By Christen Smith
Solar, wind and hydroelectric resources provided 742 million MWh of electricity in 2018, up from 382 million MWh produced a decade earlier. Wind and solar generation accounted for 90% of the increase, the agency said.
Wind generation grew 80% between 2008 and 2018 to 275 million MWh, accounting for 6.5% of total electricity generation. Solar, meanwhile, exploded from just 2 million MWh to 96 million MWh, composing 2.3% of total generation last year. Utility-scale installations accounted for 69% of last year’s solar output, with small-scale rooftop, customer-sited resources contributing the rest.
Wind capacity jumped from 25 GW to 94 GW over the decade, while solar capacity surged from less than 1 GW to 51 GW. Conventional hydroelectric capacity increased just 2%, although output varied widely over the period based on water conditions.
EIA attributed the growth in renewables to federal policies (such as the production and investment tax credits), state-level programs (such as renewable portfolio standards) and declining costs.
“As more wind and solar projects have come online, economies of scale have led to more efficient project development and financing mechanisms, which has led to continued cost declines,” the agency said.
Tuesday’s figures came on the heels of a March 11 EIA report showing that Texas, Iowa and Oklahoma added 4,000 MW of wind capacity last year, composing 60% of the new units brought online in 2018. California, Florida and North Carolina built a majority of the 4,900 MW of solar photovoltaic generation added in 2018, according to the report.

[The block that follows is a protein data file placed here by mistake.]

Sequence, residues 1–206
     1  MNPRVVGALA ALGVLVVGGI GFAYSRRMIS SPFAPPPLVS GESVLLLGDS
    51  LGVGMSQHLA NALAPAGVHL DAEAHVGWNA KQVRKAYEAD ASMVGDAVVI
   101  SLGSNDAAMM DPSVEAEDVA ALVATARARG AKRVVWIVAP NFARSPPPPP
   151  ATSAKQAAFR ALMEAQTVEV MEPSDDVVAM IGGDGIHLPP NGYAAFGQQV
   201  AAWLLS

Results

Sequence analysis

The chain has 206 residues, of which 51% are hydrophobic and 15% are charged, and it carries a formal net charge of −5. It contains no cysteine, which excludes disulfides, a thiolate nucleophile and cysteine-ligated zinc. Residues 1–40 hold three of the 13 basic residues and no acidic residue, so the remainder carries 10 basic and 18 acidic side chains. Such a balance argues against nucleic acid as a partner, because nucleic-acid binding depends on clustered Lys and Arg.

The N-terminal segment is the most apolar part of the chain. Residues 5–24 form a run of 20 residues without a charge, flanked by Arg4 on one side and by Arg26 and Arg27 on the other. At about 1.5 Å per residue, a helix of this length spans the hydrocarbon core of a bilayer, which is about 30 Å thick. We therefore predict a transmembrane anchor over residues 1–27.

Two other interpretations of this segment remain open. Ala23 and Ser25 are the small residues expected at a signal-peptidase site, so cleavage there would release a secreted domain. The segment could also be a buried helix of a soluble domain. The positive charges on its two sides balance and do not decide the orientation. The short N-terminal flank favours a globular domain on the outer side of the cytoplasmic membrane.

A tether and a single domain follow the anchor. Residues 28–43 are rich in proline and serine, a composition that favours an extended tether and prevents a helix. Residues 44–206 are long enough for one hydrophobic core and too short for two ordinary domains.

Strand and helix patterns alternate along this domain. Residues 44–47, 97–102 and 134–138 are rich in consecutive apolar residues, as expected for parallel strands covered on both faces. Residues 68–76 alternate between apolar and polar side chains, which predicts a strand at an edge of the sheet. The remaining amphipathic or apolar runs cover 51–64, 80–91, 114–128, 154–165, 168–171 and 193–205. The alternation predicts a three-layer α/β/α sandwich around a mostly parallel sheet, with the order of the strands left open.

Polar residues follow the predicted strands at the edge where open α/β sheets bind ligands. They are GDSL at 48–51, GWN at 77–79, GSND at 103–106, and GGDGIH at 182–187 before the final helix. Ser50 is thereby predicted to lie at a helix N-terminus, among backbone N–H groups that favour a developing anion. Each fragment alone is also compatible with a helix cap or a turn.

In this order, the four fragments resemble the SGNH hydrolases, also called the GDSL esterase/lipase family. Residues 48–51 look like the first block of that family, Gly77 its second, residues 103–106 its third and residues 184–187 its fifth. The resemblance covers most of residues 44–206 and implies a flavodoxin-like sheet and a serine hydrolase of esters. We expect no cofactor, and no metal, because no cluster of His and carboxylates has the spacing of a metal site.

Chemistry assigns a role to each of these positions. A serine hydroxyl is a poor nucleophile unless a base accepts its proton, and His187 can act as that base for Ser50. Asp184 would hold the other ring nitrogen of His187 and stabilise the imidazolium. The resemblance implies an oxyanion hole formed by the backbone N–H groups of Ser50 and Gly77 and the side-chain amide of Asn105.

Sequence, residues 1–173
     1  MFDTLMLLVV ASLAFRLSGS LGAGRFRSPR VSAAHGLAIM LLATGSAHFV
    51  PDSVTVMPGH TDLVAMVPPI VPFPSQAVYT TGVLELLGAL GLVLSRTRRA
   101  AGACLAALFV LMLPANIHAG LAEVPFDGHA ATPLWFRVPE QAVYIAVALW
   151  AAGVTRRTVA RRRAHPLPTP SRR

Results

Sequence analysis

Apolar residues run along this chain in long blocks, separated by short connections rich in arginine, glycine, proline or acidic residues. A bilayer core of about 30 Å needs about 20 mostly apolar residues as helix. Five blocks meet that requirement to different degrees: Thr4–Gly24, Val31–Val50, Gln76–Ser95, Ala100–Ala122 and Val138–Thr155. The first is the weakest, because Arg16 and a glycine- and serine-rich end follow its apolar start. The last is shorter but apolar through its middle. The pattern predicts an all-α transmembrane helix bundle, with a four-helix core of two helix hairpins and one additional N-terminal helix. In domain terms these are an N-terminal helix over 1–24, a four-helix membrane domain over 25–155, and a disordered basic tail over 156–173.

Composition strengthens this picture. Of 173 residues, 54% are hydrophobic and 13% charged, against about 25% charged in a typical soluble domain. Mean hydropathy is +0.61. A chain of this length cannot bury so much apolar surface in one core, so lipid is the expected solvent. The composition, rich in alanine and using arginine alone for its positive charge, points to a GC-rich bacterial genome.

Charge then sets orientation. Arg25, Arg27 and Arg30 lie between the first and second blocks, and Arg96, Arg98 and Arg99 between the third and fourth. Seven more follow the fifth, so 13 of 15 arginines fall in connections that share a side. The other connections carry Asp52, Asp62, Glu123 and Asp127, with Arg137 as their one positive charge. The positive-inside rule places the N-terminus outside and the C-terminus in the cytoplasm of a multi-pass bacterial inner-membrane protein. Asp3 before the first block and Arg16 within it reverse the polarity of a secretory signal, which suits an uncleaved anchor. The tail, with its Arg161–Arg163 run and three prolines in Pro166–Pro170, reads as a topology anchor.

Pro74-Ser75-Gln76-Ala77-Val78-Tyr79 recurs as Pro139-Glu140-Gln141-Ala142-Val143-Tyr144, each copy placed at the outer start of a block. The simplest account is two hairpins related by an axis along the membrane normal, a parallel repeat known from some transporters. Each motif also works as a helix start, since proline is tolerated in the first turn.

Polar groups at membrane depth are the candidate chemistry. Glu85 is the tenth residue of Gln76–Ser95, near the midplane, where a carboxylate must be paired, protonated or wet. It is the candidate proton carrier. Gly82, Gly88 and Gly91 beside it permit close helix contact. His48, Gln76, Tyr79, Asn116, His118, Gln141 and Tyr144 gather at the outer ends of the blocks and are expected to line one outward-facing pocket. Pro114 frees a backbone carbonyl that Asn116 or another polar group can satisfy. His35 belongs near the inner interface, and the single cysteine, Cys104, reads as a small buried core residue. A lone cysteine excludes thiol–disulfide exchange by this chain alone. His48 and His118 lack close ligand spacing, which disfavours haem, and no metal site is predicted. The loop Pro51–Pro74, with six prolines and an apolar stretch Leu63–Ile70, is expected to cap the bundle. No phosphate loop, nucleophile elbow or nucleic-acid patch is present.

Pennsylvania Dominates New Gas Capacity
Meanwhile, natural gas-fired generators dominated new U.S. capacity additions last year, with nearly a quarter of the 19.3 GW of new units coming online in Pennsylvania alone. Maryland, Florida and Virginia combined accounted for an additional 30% of the new gas-fired resources, the EIA found. Nearly 90% of all new gas units were combined cycle, the agency said.
EIA said the U.S. added a total of 31,300 MWh of generation and retired 18,700 MWh in 2018. Inefficient coal plants and natural gas steam and combustion turbine units accounted for the majority of the retirements, with just one nuclear plant – Oyster Creek in New Jersey – shutting down.
The results underscore the continuing struggle of coal plants to maintain market share as state policies push developers toward cleaner, more efficient technologies. Gas-fired energy output exceeded coal for the first time in PJM, the Independent Market Monitor said on Thursday. (See Monitor Says PJM’s Capacity Market Not Competitive.)
In December, EPA relaxed regulations on newer coal-fired plants as nationwide consumption hit its lowest point in 39 years. (See EPA Eases Rules for New Coal Generation.) Coal retirements for the year came in as the second most on record, according to EIA, with another 4,000 MW of capacity scheduled for retirement by the end of 2019.